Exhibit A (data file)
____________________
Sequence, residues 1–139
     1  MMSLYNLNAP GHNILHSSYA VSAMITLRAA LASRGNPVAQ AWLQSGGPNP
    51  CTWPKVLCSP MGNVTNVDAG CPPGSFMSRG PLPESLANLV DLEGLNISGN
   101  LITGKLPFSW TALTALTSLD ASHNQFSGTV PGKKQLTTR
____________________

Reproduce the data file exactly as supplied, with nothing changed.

Sequence, residues 1–139
     1  MMSLYNLNAP GHNILHSSYA VSAMITLRAA LASRGNPVAQ AWLQSGGPNP
    51  CTWPKVLCSP MGNVTNVDAG CPPGSFMSRG PLPESLANLV DLEGLNISGN
   101  LITGKLPFSW TALTALTSLD ASHNQFSGTV PGKKQLTTR